||Last Updated: Mar 27, 2009 - 5:03:44 AM
Chinese Migrant Workers Totaled 225.42 Million at the End of 2008
PRC National Bureau of Statistics March 25, 2009
In order to get base numbers on the numbers of peasant workers leaving and returning to their homes in the countryside, the PRC National Bureau of Statistics took advantage of the return of peasant workers to their home areas for the Spring Festival holiday to conduct large sampling survey of 68,000 rural households in 31 provinces, 857 counties, and 7100 villages. The most important survey results were:
I. The Total Numbers and Structure of the Peasant Workforce According to the PRC National Bureau of Statistics Peasant Worker Statistical Monitoring Survey, as
of December 31, 2008, there were 225.42 million peasant workers in China. Of these, 140.41 million or 62.3% of the total, were employed outside of their own rural or urban township. Employed inside their own rural or urban township were 85.01 million workers, or 37.7% of the total. Among the 140.41 million peasant workers employed outside their home township, 37.6% came from central China, 32.7% from western China and 29.7% from eastern China. Eastern China employed 71% of all the peasant workers employed outside their own township, with central China employing 13.2% and eastern China 15.4%. Among the 85.01 million peasant workers who work in their own township, 62.1% live in eastern China, 22.8% in central China and 15.1% in western China.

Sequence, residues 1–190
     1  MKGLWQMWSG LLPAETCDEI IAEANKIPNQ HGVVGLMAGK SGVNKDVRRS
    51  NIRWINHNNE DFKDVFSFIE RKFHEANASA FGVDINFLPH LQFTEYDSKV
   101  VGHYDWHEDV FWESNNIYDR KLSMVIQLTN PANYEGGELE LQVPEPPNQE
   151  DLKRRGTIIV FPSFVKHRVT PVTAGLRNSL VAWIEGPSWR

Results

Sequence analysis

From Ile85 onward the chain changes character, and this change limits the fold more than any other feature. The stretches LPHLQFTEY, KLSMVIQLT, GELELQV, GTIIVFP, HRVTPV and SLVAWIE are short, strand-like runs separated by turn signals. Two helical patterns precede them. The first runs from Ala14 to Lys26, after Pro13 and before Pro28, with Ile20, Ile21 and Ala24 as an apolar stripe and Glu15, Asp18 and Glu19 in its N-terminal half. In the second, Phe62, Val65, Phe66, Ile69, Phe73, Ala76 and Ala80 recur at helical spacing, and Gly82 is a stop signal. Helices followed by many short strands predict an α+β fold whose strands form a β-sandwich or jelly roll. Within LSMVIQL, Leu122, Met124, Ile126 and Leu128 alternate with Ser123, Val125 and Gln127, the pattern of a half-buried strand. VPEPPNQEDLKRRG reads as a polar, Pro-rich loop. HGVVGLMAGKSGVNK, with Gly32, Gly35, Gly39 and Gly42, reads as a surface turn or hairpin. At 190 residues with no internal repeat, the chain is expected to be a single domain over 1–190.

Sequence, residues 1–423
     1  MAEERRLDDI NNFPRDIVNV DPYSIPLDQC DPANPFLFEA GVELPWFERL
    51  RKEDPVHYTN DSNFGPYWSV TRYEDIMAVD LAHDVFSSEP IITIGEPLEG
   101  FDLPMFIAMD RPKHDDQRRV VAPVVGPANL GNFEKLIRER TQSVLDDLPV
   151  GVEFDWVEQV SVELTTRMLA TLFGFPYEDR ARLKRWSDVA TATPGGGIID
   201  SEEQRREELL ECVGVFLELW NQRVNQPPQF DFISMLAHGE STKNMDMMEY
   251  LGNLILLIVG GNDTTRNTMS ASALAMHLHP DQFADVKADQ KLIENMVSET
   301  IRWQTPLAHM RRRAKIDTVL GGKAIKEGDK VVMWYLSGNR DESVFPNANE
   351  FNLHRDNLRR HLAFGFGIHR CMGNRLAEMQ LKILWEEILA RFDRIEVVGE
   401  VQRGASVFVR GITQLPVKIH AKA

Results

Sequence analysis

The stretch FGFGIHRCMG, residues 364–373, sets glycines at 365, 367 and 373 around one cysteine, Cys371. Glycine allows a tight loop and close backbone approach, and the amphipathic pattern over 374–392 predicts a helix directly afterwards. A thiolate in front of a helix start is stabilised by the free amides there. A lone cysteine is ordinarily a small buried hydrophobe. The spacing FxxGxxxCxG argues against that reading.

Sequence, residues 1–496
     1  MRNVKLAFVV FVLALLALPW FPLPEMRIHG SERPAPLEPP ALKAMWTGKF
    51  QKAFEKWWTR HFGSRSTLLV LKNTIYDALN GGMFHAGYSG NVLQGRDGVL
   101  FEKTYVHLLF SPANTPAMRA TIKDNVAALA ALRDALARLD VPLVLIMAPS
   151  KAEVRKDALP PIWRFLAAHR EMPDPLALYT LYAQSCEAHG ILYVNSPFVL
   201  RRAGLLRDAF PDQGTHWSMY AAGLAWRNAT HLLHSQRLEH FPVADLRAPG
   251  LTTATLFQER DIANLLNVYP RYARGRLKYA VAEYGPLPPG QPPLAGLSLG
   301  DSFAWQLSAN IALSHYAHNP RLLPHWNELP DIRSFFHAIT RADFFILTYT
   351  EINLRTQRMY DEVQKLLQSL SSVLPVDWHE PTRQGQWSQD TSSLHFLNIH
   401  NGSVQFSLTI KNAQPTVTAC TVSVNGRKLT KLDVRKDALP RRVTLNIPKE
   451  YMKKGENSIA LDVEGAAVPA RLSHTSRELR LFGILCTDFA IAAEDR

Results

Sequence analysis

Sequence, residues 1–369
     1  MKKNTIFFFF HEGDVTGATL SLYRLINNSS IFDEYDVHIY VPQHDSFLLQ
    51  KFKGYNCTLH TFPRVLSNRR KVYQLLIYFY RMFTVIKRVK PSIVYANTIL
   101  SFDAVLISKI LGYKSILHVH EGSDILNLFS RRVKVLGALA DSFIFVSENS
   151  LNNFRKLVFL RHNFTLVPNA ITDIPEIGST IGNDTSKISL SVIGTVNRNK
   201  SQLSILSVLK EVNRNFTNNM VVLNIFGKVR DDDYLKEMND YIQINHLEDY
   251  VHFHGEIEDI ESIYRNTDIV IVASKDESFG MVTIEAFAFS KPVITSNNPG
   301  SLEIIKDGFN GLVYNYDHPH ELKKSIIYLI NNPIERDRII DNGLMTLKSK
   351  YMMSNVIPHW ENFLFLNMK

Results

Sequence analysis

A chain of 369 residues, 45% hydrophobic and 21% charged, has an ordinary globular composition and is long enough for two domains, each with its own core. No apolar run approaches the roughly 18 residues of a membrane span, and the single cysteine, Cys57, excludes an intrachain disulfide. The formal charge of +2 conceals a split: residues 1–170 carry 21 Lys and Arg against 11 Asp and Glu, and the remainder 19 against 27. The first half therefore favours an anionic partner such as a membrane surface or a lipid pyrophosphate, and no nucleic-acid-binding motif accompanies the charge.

II. The Number of Peasant Workers Returning to their Home Townships
Before the Spring Festival and their Employment After the Spring Festival. As of just before Spring Festival, about 70 million peasant workers returned to their home townships, or about have of the 14.41 million peasant workers who are employed outside their home townships. After the Spring Festival, among the 70 million peasant workers who had returned home, about 80% had already left to work in the city; of those who had gone to the city, 45 million had already found work and 11 million were looking for work. About 20% of them found work in their home township, created a business for themselves or were looking for work in their home township.
III. Characteristics of Peasant Workers Who Returned to Their Home Townships
1. Most returned in the fourth quarter of 2008. During 2008, the proportion of peasant workers who returned to their home townships was
first quarter: 1.44%, second quarter 8.46%, third quarter 19.44%, and fourth quarter 70.65%. During the fourth quarter, the proportion who returned each month were 18.2% in October, 27.3% in November and 25.1% in December.
2. More returned from eastern China than from any other area. The proportion returned from each region of China were: 62.4% from east China, 16.1% from central China and 21.3% from western China. Returning peasant workers who had been working in Guangdong Province accounted for 24.6% of the total. Returning peasant workers from the Yangtze River Delta accounted for 17.2% of the total.
3. The manufacturing and construction sectors were more seriously affected by the financial crisis. If we divide up the peasant migrants by the sector in which they work, the two sectors which provide the most jobs to peasant workers are manufacturing and construction, accounting for 36.1% and 28.2% respectively of the peasant workers working outside who had returned to their home areas. Peasant workers who had returned to their home areas accounted for 46.2% and 73.3% of peasant workers in the manufacturing or construction sectors. This is higher than the national average.